It is well known that ocular ultrasonography is the most important ancillary tool for evaluating and tracking progression of uveal melanomas. In addition, it is often the imaging modality of choice in detecting extrascleral extension . However, there are new studies emerging that challenge this idea, which suggest that other imaging modalities such as MRI are superior to ocular ultrasound in the detection of extrascleral extension.
Récsán, et al. studied the value of MRI for the detection of extrascleral extension of uveal melanoma in 12 patients. In this study MRI had a sensitivity and specificity of 100 and 89%, respectively, for detection of extrascleral extension . In another study Burris, et al. looked at 16 eyes with histopathological evidence of extrascleral extension. They found that only 8 of the 16 cases had detection of extrascleral extension preoperatively with the use of ocular ultrasound . Scott, et al. challenged this and directly compared the sensitivity of ocular ultrasound vs MRI/CT in the detection of extraocular extension. Of the 10 patients who underwent ocular ultrasound, extraocular tumor extension was demonstrated in 100% of patients. This was superior to MRI or CT scan, which only detected extraocular tumor extension in 29 and 0% of patients’ respectively .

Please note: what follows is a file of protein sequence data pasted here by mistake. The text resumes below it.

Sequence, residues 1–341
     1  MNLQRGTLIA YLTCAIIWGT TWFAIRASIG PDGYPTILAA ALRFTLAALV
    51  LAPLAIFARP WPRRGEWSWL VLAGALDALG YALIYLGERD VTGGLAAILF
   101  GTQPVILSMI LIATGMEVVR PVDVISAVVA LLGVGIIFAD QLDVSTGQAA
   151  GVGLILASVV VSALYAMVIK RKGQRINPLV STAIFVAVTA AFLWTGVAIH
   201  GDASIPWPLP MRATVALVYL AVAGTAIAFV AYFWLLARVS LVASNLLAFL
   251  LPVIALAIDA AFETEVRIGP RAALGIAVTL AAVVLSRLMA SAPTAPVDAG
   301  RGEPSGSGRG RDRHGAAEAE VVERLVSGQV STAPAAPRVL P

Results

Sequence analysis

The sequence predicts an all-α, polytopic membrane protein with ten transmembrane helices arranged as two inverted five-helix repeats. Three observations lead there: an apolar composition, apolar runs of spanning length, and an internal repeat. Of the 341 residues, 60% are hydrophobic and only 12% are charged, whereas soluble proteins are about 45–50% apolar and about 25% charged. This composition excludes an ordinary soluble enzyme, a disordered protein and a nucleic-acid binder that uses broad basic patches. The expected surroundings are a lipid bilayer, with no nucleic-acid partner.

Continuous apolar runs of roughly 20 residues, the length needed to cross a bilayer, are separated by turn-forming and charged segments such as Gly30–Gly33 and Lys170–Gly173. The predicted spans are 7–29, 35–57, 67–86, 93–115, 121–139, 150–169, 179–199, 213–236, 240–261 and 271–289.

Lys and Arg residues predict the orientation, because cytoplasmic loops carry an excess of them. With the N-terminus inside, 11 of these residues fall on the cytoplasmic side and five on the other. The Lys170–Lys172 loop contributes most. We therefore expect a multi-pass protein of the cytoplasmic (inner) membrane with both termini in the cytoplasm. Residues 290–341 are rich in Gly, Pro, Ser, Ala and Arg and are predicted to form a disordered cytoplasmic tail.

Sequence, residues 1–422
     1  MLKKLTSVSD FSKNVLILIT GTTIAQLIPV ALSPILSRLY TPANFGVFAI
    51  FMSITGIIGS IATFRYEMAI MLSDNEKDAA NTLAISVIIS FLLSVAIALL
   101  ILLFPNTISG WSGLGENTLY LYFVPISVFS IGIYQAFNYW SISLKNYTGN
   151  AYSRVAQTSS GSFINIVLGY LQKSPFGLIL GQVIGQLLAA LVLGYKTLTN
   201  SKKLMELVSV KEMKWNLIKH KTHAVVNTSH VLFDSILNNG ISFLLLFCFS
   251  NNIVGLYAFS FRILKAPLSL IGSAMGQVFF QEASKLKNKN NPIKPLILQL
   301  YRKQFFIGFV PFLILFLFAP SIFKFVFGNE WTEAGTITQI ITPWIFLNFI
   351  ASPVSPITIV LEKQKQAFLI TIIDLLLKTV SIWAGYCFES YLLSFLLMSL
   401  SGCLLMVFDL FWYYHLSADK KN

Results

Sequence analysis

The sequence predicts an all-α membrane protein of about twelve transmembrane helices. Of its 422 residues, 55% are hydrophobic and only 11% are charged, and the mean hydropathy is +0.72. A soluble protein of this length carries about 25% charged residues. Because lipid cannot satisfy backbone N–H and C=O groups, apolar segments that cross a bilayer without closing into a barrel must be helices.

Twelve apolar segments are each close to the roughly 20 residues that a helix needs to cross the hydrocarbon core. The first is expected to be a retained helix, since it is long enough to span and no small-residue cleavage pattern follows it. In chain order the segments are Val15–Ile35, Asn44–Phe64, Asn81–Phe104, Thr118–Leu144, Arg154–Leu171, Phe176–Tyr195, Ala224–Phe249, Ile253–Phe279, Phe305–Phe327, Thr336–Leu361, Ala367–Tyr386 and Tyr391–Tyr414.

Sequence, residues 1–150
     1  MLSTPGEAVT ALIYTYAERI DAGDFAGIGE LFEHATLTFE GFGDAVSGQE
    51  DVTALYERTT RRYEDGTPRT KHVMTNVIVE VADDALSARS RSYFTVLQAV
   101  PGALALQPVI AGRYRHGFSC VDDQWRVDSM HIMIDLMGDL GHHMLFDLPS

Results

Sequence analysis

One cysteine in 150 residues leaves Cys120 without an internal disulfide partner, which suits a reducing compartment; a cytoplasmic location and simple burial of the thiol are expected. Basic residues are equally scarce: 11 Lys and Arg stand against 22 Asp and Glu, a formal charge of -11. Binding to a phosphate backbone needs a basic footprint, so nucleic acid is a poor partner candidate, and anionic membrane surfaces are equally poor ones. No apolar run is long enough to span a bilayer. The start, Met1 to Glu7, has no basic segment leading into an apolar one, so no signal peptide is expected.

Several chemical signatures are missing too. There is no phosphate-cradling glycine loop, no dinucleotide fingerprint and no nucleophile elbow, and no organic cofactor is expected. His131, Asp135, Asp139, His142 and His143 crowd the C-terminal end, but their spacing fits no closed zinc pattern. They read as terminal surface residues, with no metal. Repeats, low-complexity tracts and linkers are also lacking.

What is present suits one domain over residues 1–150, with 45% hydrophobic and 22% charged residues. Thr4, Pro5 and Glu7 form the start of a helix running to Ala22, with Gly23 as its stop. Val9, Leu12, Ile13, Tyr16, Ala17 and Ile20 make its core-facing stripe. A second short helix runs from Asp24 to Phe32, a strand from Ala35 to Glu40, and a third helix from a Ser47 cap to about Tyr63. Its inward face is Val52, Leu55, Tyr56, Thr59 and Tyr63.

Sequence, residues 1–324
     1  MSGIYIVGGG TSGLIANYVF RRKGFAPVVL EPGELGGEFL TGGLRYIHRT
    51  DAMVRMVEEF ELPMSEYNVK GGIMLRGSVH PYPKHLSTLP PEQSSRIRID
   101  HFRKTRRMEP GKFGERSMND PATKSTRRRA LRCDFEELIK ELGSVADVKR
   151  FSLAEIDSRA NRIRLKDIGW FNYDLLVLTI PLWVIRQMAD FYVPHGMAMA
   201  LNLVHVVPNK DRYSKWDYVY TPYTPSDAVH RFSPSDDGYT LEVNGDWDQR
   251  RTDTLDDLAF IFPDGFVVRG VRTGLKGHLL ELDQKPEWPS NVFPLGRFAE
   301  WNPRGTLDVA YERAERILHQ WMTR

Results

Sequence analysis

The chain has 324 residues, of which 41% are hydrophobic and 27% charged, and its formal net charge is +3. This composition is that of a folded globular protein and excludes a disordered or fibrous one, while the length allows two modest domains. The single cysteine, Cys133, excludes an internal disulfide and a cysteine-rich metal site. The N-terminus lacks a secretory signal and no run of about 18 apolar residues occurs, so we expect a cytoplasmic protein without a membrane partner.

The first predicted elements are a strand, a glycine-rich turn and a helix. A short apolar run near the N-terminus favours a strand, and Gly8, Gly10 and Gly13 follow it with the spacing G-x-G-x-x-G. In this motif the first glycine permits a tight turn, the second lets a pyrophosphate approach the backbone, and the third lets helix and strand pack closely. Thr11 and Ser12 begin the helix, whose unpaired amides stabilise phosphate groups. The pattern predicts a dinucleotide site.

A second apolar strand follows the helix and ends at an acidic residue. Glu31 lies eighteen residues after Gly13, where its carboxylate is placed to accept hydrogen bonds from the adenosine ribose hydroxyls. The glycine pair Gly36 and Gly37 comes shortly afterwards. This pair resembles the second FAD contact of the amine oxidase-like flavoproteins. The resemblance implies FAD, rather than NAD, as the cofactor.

Our patient underwent both MRI and ocular ultrasound in an attempt to detect extrascleral extension. Ocular ultrasound proved to be superior to MRI in our patient. The findings on MRI that indicated possible extraocular extension were reviewed with the neuro-radiology department after the pathology showed no extension. In hind-sight the concerning MRI findings were thought, in order of likelihood, to be caused by non-specific inflammation, a vascular formation (such as a feeder vessel) or motion artifact.
These findings cannot be generalized to every patient and the evaluation and treatment should be planned on a case-by-case basis. Ultrasound should be performed by an experienced provider in all patients with uveal melanoma. Although every patient is unique in his or her presentation, and resources may be limited, we feel that ocular ultrasound should be the imaging modality of choice when looking for extrascleral extension in uveal melanoma.
We would like to thank Dr. Nick Mamalis, Director of the Ophthalmic Pathology Laboratory at the Moran Eye Center, and his team.
Avialability of data and materials
All the data supporting our findings is contained within the manuscript.
BJ carried out the initial chart reviewing and drafted the manuscript. RH was one of the primary physicians involved in the case, added details to the initial case report, and participated in its overall design. CR added details to the initial case report. All authors read and approved the final manuscript.
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Written informed consent was obtained from the patient for publication of this Case Report and any accompanying images. A copy of the written consent is available for review by the Editor of this journal.
The authors declare that they have no competing interests.